Anyone who has ever watched an airplane fly knows the importance of Air Traffic Controllers. They carefully monitor a busy sky, ensuring that every aircraft is safe and following all rules to keep air travel as easy and efficient as possible. If you want to be one of these highly important professionals, read on to find out what it takes!

The “air traffic controller requirements” is a career that requires an individual to have a great deal of patience and coordination. There are many different positions that one can take in this field, such as air traffic controllers, air traffic controllers, or air traffic control specialists.

We’re back with another installment of our So You Want My Job series, in which we speak with guys who work in coveted positions and ask them about the realities of their employment as well as tips on how men might achieve their goals.

The man who pilots the aircraft was the last person we heard from. This week, we speak with the guy in charge of landing them. Chris Solomon, an air traffic controller, tells us his perspective on a profession that makes some men happy while making others break out in cold sweat.

1. Tell us a bit about yourself (e.g., where do you come from?). What is your age? Describe your job, including how long you’ve been doing it, and so on.

Chris Solomon is my name. I’m 33 years old and a Purvis, Mississippi native. In 1996, I entered the Air Force as an F-15E mechanic, but after three years, I changed occupations to become an Air Traffic Controller. For the last 11 years, I’ve been in charge of military aircraft.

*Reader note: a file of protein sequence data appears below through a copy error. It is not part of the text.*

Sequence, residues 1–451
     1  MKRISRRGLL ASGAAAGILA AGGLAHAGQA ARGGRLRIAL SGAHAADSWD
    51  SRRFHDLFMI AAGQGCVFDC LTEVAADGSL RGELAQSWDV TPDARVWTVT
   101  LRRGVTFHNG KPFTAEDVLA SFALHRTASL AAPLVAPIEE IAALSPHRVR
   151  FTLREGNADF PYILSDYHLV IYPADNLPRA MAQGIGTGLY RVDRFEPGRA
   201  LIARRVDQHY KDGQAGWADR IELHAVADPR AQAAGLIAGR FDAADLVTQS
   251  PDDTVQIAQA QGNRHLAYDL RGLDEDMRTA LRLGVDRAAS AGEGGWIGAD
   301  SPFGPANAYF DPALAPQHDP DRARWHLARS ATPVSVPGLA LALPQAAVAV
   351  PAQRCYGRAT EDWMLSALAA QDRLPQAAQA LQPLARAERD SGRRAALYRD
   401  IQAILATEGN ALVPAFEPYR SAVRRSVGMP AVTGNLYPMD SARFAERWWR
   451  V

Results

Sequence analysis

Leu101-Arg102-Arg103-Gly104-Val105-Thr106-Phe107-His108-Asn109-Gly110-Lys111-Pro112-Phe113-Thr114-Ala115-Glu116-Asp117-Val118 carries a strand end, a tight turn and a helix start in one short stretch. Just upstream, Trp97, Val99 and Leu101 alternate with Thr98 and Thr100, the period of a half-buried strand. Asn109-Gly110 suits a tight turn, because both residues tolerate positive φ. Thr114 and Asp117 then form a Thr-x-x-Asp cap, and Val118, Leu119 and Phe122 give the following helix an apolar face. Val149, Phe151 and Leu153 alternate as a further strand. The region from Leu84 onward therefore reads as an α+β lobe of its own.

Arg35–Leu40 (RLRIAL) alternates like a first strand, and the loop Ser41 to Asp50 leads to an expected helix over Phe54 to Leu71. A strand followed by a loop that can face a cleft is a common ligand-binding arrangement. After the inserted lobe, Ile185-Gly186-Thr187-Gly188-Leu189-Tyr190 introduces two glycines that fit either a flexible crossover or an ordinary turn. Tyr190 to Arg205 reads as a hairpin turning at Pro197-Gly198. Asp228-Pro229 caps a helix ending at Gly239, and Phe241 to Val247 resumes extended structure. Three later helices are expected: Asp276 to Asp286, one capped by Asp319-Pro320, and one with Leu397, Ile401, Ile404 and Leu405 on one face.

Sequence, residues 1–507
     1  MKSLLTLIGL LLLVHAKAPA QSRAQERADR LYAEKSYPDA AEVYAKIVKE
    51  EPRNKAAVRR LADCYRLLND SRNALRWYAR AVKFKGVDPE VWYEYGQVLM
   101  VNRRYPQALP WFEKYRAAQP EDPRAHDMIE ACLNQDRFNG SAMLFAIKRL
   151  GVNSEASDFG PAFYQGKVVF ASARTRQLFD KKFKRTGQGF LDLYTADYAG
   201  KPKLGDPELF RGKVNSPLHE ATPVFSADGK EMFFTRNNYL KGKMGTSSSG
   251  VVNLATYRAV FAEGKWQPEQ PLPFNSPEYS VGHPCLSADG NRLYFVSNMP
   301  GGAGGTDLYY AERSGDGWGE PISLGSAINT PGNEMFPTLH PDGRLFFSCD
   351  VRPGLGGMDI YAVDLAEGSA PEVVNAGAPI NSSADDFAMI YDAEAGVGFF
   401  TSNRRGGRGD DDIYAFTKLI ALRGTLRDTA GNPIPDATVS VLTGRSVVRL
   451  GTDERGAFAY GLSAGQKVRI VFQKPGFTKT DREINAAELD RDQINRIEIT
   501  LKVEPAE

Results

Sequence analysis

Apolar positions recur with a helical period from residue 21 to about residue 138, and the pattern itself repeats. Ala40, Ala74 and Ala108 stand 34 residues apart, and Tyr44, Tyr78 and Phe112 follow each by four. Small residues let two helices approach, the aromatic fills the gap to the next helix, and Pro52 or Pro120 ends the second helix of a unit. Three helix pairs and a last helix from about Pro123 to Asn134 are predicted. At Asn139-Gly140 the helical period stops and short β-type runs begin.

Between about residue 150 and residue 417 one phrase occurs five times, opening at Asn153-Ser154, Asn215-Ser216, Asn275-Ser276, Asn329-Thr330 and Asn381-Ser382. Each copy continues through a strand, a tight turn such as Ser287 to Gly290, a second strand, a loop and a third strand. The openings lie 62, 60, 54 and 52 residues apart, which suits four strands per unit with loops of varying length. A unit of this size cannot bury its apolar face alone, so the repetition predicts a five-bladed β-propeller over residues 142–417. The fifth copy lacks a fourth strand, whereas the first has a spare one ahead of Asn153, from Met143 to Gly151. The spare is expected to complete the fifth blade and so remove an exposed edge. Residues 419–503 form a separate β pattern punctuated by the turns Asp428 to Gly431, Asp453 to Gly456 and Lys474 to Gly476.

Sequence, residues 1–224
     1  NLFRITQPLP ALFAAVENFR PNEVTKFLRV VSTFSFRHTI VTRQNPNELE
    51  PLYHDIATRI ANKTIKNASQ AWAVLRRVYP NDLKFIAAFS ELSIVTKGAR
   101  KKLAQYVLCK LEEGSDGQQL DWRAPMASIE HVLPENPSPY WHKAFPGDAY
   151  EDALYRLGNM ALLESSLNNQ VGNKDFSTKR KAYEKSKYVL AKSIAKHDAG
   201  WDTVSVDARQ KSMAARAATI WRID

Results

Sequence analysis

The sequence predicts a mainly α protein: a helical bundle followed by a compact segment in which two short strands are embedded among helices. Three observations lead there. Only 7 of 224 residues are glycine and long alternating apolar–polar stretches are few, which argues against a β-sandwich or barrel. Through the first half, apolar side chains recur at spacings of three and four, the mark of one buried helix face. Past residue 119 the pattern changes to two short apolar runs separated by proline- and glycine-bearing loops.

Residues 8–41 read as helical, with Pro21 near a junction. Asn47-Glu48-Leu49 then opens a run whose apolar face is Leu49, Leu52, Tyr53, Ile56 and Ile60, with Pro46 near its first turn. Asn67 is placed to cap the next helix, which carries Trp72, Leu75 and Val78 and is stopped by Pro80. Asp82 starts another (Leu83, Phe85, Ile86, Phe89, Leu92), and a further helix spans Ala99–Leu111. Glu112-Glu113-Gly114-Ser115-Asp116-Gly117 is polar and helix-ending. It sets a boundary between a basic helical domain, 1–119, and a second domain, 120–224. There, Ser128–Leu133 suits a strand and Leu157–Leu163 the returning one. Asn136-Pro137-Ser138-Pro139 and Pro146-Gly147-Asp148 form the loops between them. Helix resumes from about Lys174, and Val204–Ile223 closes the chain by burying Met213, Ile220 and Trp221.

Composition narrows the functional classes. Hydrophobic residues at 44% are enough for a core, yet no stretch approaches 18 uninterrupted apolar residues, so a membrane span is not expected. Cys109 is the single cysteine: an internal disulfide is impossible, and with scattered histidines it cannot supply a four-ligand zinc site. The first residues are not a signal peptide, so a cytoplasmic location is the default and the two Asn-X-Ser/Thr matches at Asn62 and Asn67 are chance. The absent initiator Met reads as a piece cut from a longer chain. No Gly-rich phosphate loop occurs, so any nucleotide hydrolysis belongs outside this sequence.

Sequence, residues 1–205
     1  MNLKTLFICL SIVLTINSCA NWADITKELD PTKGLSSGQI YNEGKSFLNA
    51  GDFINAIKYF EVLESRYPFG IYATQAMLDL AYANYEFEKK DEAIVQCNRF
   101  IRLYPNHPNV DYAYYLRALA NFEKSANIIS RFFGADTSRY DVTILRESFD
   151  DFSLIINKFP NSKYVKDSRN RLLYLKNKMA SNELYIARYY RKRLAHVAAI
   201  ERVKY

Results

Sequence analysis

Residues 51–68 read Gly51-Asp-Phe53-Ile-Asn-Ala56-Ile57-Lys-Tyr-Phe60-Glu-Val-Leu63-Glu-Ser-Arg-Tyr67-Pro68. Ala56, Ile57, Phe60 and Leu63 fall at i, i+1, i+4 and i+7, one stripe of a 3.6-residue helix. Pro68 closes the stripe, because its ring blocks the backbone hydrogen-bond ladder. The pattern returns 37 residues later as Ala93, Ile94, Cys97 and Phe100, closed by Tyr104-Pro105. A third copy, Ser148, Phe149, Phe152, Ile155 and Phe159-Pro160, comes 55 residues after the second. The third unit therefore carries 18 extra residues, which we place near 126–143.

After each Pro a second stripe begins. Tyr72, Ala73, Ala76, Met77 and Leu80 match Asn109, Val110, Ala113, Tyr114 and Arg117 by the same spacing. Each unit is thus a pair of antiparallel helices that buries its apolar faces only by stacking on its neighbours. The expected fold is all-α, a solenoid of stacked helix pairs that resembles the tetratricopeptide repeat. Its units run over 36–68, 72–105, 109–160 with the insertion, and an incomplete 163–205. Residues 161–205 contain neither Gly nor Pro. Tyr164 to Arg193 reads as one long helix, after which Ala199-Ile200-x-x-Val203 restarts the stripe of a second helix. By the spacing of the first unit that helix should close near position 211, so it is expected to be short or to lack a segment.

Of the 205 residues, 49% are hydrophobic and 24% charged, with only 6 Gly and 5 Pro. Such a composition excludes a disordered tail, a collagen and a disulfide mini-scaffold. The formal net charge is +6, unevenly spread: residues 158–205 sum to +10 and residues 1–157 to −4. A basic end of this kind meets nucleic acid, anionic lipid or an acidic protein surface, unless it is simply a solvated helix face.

2. What inspired you to pursue a career as an air traffic controller? When did you realize you wanted to do it?

Even though I wasn’t married at the time, I wanted to pursue a work that would cognitively challenge me and offer a nice life for a family. I also wanted something that would be beneficial after I had completed my military service and returned to normal life. I never considered doing ATC because I assumed it was one of those “unachievable” occupations that required years of training. That wasn’t the case, which astonished me.

3. What should a guy do to prepare for a career as an air traffic controller? Is there a school where air traffic controllers may be trained? Or are you taught on the job?

There are three basic paths to become a controller. The first option is to join the military. The second option is to enroll in an ATC program at an associated institution. There are now over 30 schools in the United States that provide FAA-approved ATC programs. While they do not guarantee an ATC position, they certainly pave the road. The third option is to apply for a job with the FAA directly and attend their ATC Academy in Oklahoma City.

4. As far as I can tell, there are a variety of air traffic controllers, each with their own set of tasks. Tell us more about it.

The nation’s air traffic system, like an assembly line, is split down into various roles. There are controllers in the towers, approaches, and centers, and they have varied roles at each of those facilities. It’s best to start with an example. Tower controllers typically get flights from the gate to the runway and then airborne to within 5 miles of the airport. The approach controllers take control of the aircraft at this point. Within 60 miles of an airport, approach controllers typically handle aircraft below 18,000 feet. After crossing 18,000 feet, the jet enters the airspace of the center controller and is guided to its target at higher levels. When the process reaches its target, it takes a step back from the center, to the approach, to the tower, and finally to a gate. But, as I previously said, each facility has its own set of roles to ensure that each aspect of the task is completed as securely and efficiently as possible.